What is the 1 question to ask yourself before breaking up is: What do you need to be happy and what can you do to bring that into your relationship?
More inspiration for questions to ask before a breakup:
Ask yourself, “When did you start becoming unhappy in this relationship? What changed?” Is it a particular scenario or event that occurred or a situation that you can gain awareness about?
Relationships have ups and downs, and things are not always going to be one way. It’s important to know that your happiness is not dependent on others, otherwise it’s not “real” happiness.
What do you need to be happy and what can you do to bring that into your relationship?
Why is that question the one that you need to ask yourself before breaking up?
There is a fallacy out there in society that if something doesn’t make you feel good, then you “should” move on to something else. People seem to think that if they are no longer happy in their marriage then they should just move on to someone else.
If you're considering ending a marriage, know that ultimately, no one else will make you happy and you are likely to be unhappy in a future relationship. Marriage is a commitment, for good times and bad, for better or for worse. It’s not a life sentence to being miserable but it is something to be taken seriously and requires effort. And when you do put the effort into your marriage, you’ll discover a relationship that is far more fulfilling than anything else in the world.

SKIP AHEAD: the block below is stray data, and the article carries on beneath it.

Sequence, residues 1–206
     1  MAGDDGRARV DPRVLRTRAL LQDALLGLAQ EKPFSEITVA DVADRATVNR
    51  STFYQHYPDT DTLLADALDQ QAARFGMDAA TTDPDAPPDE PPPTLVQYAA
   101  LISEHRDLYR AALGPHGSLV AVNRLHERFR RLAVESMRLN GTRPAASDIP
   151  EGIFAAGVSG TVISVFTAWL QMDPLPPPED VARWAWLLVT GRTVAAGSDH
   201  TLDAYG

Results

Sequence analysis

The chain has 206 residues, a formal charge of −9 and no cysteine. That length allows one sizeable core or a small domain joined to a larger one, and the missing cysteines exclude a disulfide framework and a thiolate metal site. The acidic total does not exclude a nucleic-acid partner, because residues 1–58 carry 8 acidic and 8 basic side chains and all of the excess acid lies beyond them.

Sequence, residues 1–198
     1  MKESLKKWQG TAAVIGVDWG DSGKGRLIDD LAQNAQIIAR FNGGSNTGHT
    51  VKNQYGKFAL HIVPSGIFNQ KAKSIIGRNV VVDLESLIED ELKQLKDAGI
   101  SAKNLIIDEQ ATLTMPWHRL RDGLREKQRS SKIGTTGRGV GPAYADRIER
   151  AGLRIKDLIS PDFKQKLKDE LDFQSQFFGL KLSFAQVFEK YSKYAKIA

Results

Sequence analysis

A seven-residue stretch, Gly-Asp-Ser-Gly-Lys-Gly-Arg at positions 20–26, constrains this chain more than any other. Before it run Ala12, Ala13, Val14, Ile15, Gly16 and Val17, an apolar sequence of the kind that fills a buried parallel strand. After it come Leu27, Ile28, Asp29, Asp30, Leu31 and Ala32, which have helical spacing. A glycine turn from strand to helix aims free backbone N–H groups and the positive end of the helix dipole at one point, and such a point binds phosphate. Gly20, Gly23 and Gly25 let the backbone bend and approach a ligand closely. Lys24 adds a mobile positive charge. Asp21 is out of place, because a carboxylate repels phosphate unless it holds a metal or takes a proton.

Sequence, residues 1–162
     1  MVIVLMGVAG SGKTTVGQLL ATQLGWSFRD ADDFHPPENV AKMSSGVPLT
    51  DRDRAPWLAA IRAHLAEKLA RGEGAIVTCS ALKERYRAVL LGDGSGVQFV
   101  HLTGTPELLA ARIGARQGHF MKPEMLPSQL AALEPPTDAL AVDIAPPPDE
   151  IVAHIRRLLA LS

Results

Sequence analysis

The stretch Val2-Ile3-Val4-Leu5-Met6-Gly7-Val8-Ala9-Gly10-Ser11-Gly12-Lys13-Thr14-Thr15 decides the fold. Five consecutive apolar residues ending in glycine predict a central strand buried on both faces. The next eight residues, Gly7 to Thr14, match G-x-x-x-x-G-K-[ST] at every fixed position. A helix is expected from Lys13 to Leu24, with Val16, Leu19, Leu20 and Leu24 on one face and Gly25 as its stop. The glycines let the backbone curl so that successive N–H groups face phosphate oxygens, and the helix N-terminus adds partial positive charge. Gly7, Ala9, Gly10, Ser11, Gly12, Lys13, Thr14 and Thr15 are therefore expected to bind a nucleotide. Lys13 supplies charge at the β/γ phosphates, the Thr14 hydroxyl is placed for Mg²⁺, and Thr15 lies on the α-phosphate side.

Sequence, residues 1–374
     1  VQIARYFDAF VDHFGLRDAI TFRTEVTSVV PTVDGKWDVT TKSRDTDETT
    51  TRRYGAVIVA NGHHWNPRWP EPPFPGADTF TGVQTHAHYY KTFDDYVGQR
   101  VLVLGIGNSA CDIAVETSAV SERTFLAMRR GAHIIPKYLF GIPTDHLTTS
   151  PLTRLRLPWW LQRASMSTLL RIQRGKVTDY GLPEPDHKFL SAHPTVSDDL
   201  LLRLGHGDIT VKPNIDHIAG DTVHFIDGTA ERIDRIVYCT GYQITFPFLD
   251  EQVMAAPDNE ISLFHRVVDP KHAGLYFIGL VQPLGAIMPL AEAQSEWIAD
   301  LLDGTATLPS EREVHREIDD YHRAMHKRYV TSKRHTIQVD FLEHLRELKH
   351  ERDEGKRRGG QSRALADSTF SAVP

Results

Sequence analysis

We know that to be true based on the chemistry and science behind why you chose your spouse, why you were originally attracted to them- it’s because they have precisely the things you are “missing” in yourself. As you work through the conflict together and compel each other to grow, you’ll regain those missing parts of yourself and you will feel more whole and ultimately more happy.
That research is based on perhaps the next most popular type of therapy for couples, Imago therapy, developed by Dr. Harville Hendrix. Imago is based on the theory that we unconsciously choose a partner based on unresolved childhood struggles. The Imago method is primarily based on a communication protocol. Partners face each other and use active listening techniques to deeply and empathically understand each other’s feelings and needs.
If you'd like to experience the amazing work of Imago therapy before breaking up, click here to contact us.
Be in touch,
Shlomo and Rivka Slatkin